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Call to halt decision on windfarm  

Protesters are pushing for Clackmannanshire Council to defer a decision on a controversial windfarm until the end of a public inquiry covering nearby turbine plans.

A combined push by concerned groups is asking Scottish ministers to intervene on a planning decision for Burnfoot Hill which is due to be taken by Wee County councillors on March 28.

They say any decision should be put off until the public inquiry surrounding four other wind farms on the Ochils – the same range as Burnfoot Hill – is completed.

The inquiry is currently hearing the cumulative impact of the four windfarm plans, which, combined with an already-approved windfarm near Glendevon, would cover the Ochils in windfarms, say the protesters.

Thirteen turbines have been earmarked for Burnfoot Hill by developers Wind Prospect. The site lies above Tillicoultry, about half-way between there and Blackford in Perthshire. The four wind farms which are the subject of the inquiry are to the east of the Glendevon development.

The Friends of the Ochils group and the Ramblers’ Association are behind the plea to Communities Minister Rhona Brankin.

Davie Black, Wildland Campaigner for the Ramblers’ Association Scotland said: “My concern is that Clackmannanshire Council may approve Burnfoot without any knowledge of the outcome of the four public inquiries being held at present in Perth. How can they make a proper assessment of the cumulative visual impacts against one or more windfarms without understanding the landscape arguments currently being discussed at the Inquiry?

“We are asking the communities minister to directly intervene in this matter, and direct Clackmannanshire Council to delay determining the Burnfoot proposal until we hear the result of the public inquiries. This will then allow Clackmannanshire councillors to make a decision on Burnfoot Hill based on all the evidence of the impacts across the whole Ochil landscape.”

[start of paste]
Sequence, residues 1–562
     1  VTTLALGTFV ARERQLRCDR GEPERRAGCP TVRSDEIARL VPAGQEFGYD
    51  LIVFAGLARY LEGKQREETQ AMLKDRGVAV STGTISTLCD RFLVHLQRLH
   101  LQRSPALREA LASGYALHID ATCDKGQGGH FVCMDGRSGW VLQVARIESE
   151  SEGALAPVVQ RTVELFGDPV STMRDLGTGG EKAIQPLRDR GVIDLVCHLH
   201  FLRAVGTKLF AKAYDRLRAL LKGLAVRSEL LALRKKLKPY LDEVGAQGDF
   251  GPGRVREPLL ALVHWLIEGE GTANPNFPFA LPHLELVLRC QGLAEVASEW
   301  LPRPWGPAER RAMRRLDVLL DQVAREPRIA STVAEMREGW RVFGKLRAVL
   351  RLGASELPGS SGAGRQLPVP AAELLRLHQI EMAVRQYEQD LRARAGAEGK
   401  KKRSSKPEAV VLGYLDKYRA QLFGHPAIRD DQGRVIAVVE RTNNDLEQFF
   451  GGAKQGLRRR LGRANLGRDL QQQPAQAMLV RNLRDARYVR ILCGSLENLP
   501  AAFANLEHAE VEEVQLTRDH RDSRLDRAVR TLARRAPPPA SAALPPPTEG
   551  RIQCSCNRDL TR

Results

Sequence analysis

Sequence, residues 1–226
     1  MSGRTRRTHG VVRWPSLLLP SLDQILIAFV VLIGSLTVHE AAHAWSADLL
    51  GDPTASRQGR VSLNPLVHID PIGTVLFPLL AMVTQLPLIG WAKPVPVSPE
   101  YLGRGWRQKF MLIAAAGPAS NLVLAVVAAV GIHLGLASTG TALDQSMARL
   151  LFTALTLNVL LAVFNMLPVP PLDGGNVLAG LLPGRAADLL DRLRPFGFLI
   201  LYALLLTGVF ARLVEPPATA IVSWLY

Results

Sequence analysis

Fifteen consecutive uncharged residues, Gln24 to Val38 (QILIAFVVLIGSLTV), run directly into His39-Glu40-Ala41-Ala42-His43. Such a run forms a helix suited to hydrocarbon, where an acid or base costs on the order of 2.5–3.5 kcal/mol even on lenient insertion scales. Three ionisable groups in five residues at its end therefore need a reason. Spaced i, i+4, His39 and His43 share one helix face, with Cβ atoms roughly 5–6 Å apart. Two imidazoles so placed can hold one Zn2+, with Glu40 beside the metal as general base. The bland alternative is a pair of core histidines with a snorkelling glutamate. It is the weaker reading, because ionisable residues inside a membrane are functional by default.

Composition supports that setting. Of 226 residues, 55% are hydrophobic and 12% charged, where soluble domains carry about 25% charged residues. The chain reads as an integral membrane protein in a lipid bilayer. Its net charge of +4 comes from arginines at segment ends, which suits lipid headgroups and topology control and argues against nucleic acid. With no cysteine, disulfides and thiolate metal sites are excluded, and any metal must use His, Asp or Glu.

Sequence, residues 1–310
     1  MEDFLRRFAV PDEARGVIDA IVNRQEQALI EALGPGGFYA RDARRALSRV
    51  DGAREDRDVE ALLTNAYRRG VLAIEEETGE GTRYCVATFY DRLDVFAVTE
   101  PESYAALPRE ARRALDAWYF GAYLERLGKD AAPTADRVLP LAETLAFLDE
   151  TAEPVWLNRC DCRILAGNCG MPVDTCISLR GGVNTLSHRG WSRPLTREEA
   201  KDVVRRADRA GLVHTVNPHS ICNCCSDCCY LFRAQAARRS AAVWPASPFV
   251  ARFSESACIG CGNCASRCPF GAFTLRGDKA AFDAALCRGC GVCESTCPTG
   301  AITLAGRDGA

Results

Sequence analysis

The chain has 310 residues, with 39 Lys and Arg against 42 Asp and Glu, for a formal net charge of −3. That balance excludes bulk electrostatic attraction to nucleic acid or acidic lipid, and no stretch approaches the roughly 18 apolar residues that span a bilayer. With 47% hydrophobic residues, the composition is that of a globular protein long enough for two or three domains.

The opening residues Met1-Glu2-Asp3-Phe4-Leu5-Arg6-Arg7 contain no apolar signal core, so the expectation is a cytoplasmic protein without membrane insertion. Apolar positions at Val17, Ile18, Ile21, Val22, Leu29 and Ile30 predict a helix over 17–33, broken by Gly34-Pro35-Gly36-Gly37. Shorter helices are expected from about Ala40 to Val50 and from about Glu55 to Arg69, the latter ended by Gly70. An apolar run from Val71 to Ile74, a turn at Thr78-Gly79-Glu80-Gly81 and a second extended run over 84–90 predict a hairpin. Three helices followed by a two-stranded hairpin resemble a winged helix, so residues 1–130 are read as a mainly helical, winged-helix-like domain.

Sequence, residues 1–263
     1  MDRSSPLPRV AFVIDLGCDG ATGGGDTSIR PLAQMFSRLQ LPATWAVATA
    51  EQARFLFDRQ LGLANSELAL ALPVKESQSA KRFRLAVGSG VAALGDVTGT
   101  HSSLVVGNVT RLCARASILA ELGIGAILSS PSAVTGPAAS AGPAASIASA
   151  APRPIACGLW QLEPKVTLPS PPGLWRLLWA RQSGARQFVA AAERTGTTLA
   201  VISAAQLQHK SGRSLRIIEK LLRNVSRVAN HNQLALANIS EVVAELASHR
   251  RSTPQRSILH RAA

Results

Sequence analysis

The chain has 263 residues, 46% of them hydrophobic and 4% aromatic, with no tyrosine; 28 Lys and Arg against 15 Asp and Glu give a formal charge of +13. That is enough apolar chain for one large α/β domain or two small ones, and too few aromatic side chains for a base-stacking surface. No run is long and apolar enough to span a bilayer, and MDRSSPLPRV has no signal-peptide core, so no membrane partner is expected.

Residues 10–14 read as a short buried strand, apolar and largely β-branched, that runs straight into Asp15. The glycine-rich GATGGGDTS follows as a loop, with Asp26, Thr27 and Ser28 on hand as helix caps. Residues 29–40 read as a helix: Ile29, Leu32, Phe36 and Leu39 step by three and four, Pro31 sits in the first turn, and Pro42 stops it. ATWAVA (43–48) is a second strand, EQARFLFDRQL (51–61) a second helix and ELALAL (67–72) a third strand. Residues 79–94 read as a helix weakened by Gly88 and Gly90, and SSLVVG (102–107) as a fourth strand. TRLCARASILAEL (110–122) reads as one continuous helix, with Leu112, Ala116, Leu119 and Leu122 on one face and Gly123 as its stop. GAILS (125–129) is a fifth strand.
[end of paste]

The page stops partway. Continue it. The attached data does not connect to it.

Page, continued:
Stuart Dean, vice-chair of the Friends of the Ochils said: “Without the Minister exercising some control over the timing of the Burnfoot Hill planning application, we could be sleepwalking to a disaster in the Ochils. One approved windfarm is one too many but three, four or more would spell the end of the Ochils as a beautiful range of hills that draws hundreds of thousand of visitors annually.”

The Burnfoot Hill wind farm was first made public in 2005. Clackmannanshire Council has held discussions and asked for views from neighbouring authorities, including Stirling and Perth and Kinross. In May last year, Stirling Council said it did not oppose the plans as only homes about 12 miles away would see the tips of the blades. Councillors in Perthshire asked for more time to consider the development, although they also suggested the Scottish Executive call it in.

icstirlingshire

16 March 2007

This article is the work of the source indicated. Any opinions expressed in it are not necessarily those of National Wind Watch.

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